National Journal writes of Scalia's dissent:
In another seperate dissent, Justice Samuel Alito argues that the federal government did not violate the Constitution by defining marriage. "It leaves the choice to the people, acting through their elected representatives at both the federal and state levels," he writes. Taking a strict view of the Constitution, he continues, "the Constitution does not guarantee the right to enter into a same-sex marriage. Indeed, no provision of the Constitution speaks to the issue."
Alito also writes that the issue of same-sex marriage is so new to the country, there is no knowing of the broader implications of allowing such an institution, citing the "ancient and universal human institution" of family." The justice made a similiar point during oral arguments for the case in March.
"At present, no one—including social scientists, philosophers, and historians—can predict with any certainty what the long-term ramifications of widespread acceptance of same-sex marriage will be. And judges are certainly not equipped to make such an assessment."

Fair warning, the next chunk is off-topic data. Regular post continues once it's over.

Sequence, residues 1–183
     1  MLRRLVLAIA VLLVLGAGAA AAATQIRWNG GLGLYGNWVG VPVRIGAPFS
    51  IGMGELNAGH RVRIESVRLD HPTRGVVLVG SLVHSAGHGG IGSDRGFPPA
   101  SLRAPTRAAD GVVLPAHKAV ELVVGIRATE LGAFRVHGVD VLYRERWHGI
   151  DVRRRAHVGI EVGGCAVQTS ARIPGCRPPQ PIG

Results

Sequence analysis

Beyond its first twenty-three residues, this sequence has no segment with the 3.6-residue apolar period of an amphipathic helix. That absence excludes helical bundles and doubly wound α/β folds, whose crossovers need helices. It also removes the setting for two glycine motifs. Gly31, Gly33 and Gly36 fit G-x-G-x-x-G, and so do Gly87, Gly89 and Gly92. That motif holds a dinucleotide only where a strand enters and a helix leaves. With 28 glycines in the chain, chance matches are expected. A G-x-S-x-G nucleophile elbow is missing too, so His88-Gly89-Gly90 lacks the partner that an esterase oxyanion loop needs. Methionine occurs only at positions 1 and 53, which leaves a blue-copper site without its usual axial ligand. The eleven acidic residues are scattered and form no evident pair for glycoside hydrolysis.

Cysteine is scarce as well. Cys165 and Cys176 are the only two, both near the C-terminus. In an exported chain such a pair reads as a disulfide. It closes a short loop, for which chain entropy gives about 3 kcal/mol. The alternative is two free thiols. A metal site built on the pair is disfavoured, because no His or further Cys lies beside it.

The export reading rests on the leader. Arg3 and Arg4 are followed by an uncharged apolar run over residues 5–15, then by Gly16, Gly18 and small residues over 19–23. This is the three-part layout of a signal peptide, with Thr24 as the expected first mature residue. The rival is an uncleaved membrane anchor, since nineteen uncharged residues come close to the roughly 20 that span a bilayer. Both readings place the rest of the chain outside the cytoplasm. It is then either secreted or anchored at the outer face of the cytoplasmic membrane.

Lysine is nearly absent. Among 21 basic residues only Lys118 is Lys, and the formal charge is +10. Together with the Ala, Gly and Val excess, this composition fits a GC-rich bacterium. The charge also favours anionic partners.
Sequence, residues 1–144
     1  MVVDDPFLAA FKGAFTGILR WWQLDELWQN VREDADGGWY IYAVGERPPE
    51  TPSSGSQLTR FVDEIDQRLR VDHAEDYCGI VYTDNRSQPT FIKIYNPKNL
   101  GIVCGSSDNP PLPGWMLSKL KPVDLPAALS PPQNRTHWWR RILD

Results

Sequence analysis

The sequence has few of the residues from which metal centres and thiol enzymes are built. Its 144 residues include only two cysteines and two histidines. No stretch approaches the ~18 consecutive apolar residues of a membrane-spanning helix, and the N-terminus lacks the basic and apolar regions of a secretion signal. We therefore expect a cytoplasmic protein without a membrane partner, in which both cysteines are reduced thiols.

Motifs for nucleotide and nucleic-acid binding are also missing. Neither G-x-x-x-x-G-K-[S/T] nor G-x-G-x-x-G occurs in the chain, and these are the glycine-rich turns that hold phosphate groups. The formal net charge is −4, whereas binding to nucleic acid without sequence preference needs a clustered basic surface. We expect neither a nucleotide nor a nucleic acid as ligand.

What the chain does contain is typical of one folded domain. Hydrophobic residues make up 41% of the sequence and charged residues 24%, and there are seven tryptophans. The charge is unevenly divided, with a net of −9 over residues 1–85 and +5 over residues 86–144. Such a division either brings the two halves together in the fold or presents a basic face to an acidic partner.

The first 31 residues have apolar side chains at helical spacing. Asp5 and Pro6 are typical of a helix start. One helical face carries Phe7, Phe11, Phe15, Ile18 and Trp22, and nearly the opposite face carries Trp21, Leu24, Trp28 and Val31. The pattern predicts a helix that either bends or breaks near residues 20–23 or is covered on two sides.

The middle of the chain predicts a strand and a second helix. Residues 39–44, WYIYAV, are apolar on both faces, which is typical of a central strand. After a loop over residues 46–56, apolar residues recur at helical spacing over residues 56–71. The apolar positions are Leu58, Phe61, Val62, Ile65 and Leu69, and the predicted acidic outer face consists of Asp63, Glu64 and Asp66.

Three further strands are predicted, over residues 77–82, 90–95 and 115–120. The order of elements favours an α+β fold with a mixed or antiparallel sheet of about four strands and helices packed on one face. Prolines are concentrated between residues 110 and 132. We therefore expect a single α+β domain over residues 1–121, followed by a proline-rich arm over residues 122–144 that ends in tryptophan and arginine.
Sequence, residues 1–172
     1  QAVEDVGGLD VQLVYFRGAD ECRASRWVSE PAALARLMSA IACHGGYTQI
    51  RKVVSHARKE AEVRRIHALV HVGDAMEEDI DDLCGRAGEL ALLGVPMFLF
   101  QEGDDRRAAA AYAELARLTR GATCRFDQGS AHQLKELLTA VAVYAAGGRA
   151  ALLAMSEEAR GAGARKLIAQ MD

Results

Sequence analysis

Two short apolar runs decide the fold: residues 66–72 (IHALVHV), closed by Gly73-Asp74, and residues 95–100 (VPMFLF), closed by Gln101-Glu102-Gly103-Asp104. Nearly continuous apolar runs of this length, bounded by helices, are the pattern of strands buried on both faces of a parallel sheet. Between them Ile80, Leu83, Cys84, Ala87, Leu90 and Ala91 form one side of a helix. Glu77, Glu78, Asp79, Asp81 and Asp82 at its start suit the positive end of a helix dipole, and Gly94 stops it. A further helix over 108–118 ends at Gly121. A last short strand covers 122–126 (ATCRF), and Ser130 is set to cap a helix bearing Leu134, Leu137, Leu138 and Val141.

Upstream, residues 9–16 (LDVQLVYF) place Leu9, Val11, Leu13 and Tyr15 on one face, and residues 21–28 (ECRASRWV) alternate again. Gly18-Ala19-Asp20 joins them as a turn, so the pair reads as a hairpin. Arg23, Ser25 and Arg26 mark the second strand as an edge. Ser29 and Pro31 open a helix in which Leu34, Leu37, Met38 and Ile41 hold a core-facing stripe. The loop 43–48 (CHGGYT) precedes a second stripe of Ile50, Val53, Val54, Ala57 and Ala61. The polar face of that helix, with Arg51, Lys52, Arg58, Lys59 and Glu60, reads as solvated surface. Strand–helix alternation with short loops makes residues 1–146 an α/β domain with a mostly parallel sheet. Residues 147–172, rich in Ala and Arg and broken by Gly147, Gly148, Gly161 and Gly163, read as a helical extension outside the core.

In 1794 Samuel Williams wrote The Natural and Civil History of Vermont, and JSTOR author Ralph N Miller writes of its importance, indicating "Its superiority consists in Williams largely successful attempt to arrive at an understanding of the cirumstances and of the historical forces which made Vermont and the other AMerican states, the amazingly effective social organisms they were" which is "tempered by Williams' acceptance of ... the significance of Nature to the student of all human affairs."
Williams wrote in History of Vermont:
It is not necessary to enumerate the many advantages, that arise from this custom of early marriages. They comprehend all the society can receive from this source; from the preservation, and increase of the human race. Every thing useful and beneficial to man, seems to be connected with obedience to the laws of his nature, the inclinations, the duties, and the happiness of individuals, resolve themselves into customs and habits, favourable, in the highest degree, to society. In no case is this more apparent, than in the customs of nations respecting marriage.
Undeniably marriage was recognized even then, as a result of its importance in the preservation and increase of the human race - procreation. However at this point we have disregarded the relevance of human nature to society, so as to advance a corrupt social engineering based on entitlement, rather than that nature and benefit to society itself, to result in our own destruction.